Bear with me, I am having a moment. I am definately going to get a bit wierd on ya for a while. Forgive me, my next blog will most definately be about knitting.
As you may know, I have been artist in residence for the Fredericton Arts Alliance, at the casemates ( Historic Garrison District, former British soldiers barracks) in Fredericton, for the past week and a bit. I began My residency on August 27.
My first day in residence a lovely gentleman and his wife visited. He asked me
"Who were the first people to settle Canada, and where did they settle?" My response to him was along the lines of, are we including the natives, or do want to know about the outsiders? he chuckled and said
Always the purest, I returned with ,
"Well that's debateable. It certainly depends on who you talk to, and when you ask"
(Little did he know he snagged the chief curator of the museum, and freeky little historian chick, knitting in a casemate)
You see the little known fact to the outside world, is that the Vikings were in Newfoundland and established a settlement, long before Columbus even thought about America, and it is strongly assumed that there were outsiders in the north of Canada prior to the Vikings.
This kind of surprised the gentleman, and he clued me in on the real question on his mind.
He wanted to know about the Acadians, and the expulsion. Touchy subject, and one I am never sure how to approach. It has been at the centre of many of my anxious moments for the past three years. My Heart rate raised, and I began to worry about my wording. I know both sides of the story. I am aware of the cold dry facts as presented by both sides of the story. I have co -curated exhibits based on this involving the froncophone, and anglophone communities, and I am constantly on edge about it. It is not a proud moment in our history. But it happened.
I found my tour guide/politician stance somewhere, deep inside. I spoke of the two factions, the expulsion, and the results and repercussions to the people of New Brunswick and Nova Scotia. I told him of the places that the Acadian people ended up. I told him about being here now. and I said I often wonder about the people who left and what they felt, and how they survived. Making a new life for the second time in a foriegn land.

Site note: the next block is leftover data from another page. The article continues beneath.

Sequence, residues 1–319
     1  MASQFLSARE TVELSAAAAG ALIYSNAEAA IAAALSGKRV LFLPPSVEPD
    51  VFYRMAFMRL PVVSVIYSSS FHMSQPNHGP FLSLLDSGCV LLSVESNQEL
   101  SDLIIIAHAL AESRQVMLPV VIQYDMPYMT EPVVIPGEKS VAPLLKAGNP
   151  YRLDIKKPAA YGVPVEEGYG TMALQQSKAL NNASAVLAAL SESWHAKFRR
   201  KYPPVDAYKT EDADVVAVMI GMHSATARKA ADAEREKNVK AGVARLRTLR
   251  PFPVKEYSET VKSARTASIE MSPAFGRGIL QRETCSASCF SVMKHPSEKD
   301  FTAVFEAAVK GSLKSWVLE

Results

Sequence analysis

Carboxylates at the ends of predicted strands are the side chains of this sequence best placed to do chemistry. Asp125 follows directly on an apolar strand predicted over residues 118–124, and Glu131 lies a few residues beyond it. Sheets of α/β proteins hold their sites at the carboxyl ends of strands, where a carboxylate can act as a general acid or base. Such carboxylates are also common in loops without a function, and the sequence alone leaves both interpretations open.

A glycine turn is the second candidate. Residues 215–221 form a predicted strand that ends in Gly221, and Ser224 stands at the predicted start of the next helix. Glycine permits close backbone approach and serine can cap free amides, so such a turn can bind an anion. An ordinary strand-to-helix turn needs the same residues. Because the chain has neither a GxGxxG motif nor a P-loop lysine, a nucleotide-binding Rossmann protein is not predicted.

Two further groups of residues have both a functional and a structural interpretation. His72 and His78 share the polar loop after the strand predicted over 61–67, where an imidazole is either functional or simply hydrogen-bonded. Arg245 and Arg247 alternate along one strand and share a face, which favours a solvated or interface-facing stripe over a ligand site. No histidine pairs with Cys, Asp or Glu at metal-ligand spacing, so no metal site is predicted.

It was then that the kind gentleman told me that he was a descendant of Les Acadiennes. Exploring the land his forefathers had called home after leaving France. He was looking for the other side of the stories he was raised on. Curious about the Geography of Acadia, and the french who are still here.
I feel honestly I may have dissappointed him with my neutrality. He and his quiet and lovely wife touched me. I appreciated their interest, and their quest. I have had them and the Acadians on my mind for several days. I truly wonder where the gentleman and his wife are. Are they ok? Were they here when Katrina hit? Were they in back home in New Orleans?
I hope to God they were still here in Acadia, looking for their roots.
So much of our history in this region is tied with the history of Louisiana. Our Acadienne, are their Cajun. Divided by oaths, words only, blood is thicker than water. They are brothers, and sisters. I have been watching the footage at he gym, while working out.
I am horrified.
I cannot fathom the complete devastation. I cannot even properly articulate my feelings to my best friend. My thoughts are chaos. I am looking for and not finding the humanity in the US Federal Government.
I am frightened for the people and hope that they will make it through this devastating crisis.
I do not personally have money to donate to the cause, but I am going to give blood. I encourage all who can, to do likewise. If you cannot, then give school supplies, or money to the schools who are taking in the children of this tragedy. Give your time at a shelter, or a food bank. Reach out to the people who have lost everything and everyone important. Show a stranger you care that they live.
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